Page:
Neighbors Appreciate Canadian Woman's Bistro For Dogs Kaya Kristina lives next to a huge park in Toronto. Several years ago she began putting water bowls outside for neighborhood dogs to enjoy. After the pandemic hit, she started putting out treats too.

Neighbors Appreciate Canadian Woman's Bistro For Dogs

Neighbors Appreciate Canadian Woman's Bistro For Dogs

  • Download
  • <iframe src="https://www.npr.org/player/embed/994145520/994145521" width="100%" height="290" frameborder="0" scrolling="no" title="NPR embedded audio player">
  • Transcript

Kaya Kristina lives next to a huge park in Toronto. Several years ago she began putting water bowls outside for neighborhood dogs to enjoy. After the pandemic hit, she started putting out treats too.

NOEL KING, HOST:

Toronto has plenty of good restaurants for humans. Now, though, there is an option for dogs - StarPups Cafe. Here's how it started. Kaya Kristina used to leave a bowl of water on her lawn for thirsty dogs.

KAYA KRISTINA: I started getting little notes in my mailbox saying, like, thank you so much. Our dog appreciates it so much.

STEVE INSKEEP, HOST:

When the pandemic started, Kristina offered more - dog biscuits, beef liver bites, a treat of the day. Now, Kristina is not a morning person but wakes every day at 8 to stock the cafe.

KRISTINA: In my dreams already, if I'm sleeping late, I can think, oh, my God, those dogs are out there looking at my house (laughter). And it's heartbreaking.

KING: StarPups was a hit. Neighbors left more thank you notes, pictures of happy dogs. Kristina started an Instagram page of those photos.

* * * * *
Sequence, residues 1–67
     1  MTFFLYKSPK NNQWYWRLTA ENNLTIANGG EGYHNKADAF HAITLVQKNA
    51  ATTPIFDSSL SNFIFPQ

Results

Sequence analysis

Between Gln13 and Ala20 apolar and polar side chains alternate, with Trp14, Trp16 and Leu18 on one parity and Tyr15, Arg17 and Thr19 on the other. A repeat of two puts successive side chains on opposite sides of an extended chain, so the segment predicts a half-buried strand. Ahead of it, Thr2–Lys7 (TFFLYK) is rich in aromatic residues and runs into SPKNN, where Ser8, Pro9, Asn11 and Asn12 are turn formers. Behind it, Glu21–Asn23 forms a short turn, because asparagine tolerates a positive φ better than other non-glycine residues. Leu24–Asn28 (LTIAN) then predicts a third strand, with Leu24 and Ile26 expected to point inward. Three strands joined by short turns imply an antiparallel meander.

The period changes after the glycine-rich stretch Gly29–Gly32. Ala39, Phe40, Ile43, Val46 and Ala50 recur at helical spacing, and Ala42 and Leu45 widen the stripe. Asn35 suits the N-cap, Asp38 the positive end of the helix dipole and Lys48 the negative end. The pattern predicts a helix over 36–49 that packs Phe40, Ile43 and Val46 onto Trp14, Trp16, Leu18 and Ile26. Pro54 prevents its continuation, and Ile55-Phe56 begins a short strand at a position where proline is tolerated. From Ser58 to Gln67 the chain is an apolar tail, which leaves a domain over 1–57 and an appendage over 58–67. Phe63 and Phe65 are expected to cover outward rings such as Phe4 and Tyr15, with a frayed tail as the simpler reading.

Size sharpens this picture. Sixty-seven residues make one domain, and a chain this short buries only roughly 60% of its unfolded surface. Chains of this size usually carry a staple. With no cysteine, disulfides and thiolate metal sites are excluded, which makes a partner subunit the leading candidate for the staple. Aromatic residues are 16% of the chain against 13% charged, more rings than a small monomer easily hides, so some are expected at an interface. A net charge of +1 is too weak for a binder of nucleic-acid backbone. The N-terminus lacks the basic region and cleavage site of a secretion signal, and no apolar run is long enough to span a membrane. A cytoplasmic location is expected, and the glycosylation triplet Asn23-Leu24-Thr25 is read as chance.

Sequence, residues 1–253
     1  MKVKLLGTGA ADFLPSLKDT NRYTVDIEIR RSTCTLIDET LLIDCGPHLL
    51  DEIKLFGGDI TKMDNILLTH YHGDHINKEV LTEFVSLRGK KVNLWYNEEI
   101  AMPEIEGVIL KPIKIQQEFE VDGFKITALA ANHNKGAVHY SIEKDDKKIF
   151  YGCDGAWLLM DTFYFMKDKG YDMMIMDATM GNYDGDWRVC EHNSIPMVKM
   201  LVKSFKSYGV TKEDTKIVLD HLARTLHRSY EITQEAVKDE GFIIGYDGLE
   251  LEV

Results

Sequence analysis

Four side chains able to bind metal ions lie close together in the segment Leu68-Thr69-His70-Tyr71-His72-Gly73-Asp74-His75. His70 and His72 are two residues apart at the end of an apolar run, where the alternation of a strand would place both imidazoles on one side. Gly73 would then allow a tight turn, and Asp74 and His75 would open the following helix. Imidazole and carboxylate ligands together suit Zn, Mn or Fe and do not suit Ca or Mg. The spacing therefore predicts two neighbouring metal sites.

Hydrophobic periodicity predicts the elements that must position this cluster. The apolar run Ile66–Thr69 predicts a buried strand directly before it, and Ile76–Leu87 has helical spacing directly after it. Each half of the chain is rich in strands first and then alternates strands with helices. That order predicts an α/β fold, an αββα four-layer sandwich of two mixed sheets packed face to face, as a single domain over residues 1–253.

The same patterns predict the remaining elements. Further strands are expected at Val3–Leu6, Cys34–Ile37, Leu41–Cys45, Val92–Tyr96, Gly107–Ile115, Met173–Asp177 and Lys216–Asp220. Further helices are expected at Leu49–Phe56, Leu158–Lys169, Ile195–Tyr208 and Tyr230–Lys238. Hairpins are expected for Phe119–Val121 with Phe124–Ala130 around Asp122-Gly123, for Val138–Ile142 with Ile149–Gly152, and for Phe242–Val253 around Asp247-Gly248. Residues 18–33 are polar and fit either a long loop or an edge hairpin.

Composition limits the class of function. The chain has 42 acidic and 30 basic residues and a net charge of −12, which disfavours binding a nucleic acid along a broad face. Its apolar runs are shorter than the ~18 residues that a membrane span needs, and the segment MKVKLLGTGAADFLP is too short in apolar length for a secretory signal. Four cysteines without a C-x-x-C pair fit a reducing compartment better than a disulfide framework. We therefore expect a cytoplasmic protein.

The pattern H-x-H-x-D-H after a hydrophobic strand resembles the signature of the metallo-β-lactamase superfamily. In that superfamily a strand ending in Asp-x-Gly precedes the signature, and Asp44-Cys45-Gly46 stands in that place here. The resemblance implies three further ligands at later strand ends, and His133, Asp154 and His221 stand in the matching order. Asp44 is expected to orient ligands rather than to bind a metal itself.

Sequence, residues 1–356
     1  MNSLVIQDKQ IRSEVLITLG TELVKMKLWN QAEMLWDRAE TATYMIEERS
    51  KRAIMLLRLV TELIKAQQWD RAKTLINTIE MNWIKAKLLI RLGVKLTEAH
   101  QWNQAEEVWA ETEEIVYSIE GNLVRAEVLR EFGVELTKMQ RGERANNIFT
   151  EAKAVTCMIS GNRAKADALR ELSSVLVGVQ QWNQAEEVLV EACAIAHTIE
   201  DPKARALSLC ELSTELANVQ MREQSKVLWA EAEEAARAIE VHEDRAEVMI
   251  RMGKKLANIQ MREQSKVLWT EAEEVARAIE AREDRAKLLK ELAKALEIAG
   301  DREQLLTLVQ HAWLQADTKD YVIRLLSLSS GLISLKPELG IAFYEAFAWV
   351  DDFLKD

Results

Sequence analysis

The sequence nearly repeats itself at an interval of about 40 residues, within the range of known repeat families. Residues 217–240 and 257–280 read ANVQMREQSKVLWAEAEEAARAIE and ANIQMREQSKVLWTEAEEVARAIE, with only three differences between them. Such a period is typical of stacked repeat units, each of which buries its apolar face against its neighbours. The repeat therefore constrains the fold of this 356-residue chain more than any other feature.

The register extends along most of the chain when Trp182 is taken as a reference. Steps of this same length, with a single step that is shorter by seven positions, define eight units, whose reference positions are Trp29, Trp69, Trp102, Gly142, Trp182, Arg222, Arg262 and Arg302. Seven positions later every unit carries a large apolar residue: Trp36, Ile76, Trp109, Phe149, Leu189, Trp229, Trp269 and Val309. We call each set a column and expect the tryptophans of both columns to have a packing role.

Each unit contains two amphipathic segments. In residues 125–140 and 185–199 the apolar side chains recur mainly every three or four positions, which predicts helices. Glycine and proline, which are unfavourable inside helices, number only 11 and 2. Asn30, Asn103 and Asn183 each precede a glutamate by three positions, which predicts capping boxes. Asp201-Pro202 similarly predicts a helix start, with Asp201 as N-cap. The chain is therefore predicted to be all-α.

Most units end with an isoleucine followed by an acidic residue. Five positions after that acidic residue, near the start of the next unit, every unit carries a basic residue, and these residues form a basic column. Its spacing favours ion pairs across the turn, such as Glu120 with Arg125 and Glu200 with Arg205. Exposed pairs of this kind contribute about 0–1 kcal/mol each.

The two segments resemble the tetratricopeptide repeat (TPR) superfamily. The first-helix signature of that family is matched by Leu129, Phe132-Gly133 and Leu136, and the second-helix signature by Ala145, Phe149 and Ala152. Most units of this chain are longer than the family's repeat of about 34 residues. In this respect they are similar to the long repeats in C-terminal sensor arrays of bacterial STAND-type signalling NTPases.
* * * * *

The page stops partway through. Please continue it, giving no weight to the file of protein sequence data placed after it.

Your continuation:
KRISTINA: They'd see each other on Instagram and like - then they'd meet each other in the street and introduce themselves and be like, oh, I saw you on Instagram. And now they have walking partners.

KING: She's been surprised by the response.

KRISTINA: I didn't expect it to be so important to people. And it is. It's not just the dogs. It's the people behind them and the connections they've made.

INSKEEP: And those connections are important to her, especially now.

KRISTINA: I miss my parents. I miss my family. I so badly wanted a hug from somebody, and I was like, I don't know when the next time I'm going to get it is. I think I personally have healed through this, too, because of the feeling of like, OK, I have a community now.

INSKEEP: A community of two different species.

(SOUNDBITE OF DJ OKAWARI'S "YOURS")

Copyright © 2021 NPR. All rights reserved. Visit our website terms of use and permissions pages at www.npr.org for further information.

NPR transcripts are created on a rush deadline by Verb8tm, Inc., an NPR contractor, and produced using a proprietary transcription process developed with NPR. This text may not be in its final form and may be updated or revised in the future. Accuracy and availability may vary. The authoritative record of NPR’s programming is the audio record.